GSK has announced positive data from the Phase III EAGLE-1 clinical trial of gepotidacin, an investigational oral bactericidal triazaacenaphthylene antibiotic, for the treatment of uncomplicated urogenital gonorrhoea (GC) in adolescent and adult patients.

The EAGLE-1 is a non-inferiority GC trial that involved nearly 600 subjects.

It assessed the efficacy and safety of two 3,000mg doses of gepotidacin versus the current combination treatment regimen for gonorrhoea, which comprises intramuscular (IM) ceftriaxone plus oral azithromycin.

The trial’s primary endpoint was the microbiological response at the test-of-cure (ToC) visit, which occurred three to seven days post-treatment.

According to the findings, gepotidacin was non-inferior, with a success rate of 92.6%, which closely aligned with the 91.2% success rate of the comparator regimen.

Gepotidacin’s safety and tolerability profile in the trial was observed to be in line with prior data from Phase I and II studies.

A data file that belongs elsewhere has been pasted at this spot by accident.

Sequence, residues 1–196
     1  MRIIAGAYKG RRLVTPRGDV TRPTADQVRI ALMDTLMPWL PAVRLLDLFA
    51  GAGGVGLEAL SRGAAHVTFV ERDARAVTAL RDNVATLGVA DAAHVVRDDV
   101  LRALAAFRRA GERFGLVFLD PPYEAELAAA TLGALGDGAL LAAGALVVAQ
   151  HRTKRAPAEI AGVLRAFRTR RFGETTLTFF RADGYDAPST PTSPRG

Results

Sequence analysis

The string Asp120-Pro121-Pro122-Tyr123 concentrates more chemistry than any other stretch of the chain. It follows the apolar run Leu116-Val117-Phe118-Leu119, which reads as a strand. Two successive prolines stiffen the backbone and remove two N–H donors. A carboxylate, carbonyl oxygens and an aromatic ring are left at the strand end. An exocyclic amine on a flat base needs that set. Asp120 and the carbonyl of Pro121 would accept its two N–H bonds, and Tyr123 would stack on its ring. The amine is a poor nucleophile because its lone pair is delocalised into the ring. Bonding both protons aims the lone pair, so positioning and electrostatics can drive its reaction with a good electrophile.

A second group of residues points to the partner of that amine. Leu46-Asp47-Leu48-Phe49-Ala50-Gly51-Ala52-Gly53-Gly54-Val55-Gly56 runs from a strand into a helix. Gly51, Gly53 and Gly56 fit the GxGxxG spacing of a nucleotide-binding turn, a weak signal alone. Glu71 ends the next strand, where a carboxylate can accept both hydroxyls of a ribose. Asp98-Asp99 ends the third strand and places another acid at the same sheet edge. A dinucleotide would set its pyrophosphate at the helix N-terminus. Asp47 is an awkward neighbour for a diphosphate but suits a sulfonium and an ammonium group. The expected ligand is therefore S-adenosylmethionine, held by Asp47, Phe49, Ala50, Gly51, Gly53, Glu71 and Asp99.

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The most frequently reported adverse events were gastrointestinal, with most events observed to be mild or moderate in severity.

The EAGLE-1 trial marks the third study to yield positive data for gepotidacin.

GSK is not only investigating gepotidacin for gonorrhoea but also for its potential in treating uncomplicated urinary tract infections (uUTI).

If approved, gepotidacin could become the first oral antibiotic for uUTI indication in over two decades.

GSK Development senior vice-president Chris Corsico said: “These results highlight the potential of gepotidacin as a new oral treatment option given the rising incidence of gonorrhoea worldwide, including drug-resistant infections.

“The imperative for innovative treatments has never been clearer. We are committed to working with health regulators globally to introduce this potential new antibiotic, focusing on solutions that meet critical patient needs.”

Last month, the company announced promising results from the Phase III RUBY/ENGOT-EN6/GOG3031/NSGO trial of Jemperli to treat adults with advanced or recurrent endometrial cancer.